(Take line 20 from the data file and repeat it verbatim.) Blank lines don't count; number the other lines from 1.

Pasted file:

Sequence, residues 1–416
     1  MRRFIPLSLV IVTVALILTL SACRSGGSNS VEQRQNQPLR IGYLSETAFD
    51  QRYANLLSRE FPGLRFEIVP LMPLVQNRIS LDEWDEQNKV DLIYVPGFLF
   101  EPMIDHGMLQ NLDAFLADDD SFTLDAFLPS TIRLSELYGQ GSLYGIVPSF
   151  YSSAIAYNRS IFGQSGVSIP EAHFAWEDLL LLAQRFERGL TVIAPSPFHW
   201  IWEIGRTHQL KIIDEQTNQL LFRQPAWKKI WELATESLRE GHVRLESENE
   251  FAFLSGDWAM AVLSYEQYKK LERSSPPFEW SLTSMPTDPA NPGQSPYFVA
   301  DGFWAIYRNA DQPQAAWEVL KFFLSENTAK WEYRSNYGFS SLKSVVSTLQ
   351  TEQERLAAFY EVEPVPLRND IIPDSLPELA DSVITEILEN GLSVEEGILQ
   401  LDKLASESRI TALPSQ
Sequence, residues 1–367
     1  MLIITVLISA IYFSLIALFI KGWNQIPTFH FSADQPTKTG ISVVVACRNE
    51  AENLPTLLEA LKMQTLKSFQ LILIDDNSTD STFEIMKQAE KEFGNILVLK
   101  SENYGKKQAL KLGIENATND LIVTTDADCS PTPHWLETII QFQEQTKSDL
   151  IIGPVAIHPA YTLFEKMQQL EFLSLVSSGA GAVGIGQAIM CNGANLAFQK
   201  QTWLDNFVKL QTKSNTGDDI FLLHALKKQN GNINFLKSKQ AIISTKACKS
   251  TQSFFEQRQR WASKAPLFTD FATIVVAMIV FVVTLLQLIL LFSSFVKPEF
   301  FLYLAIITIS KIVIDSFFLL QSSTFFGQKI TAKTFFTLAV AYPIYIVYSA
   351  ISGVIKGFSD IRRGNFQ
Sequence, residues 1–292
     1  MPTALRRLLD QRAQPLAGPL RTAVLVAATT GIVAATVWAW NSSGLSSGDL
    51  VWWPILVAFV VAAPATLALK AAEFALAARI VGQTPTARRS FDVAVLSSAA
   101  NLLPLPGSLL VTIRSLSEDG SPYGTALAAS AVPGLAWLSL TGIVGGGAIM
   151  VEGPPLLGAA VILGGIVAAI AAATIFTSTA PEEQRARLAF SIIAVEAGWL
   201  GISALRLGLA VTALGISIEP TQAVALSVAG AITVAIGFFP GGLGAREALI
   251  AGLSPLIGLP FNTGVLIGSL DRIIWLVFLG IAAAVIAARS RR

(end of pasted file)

Sequence, residues 1–292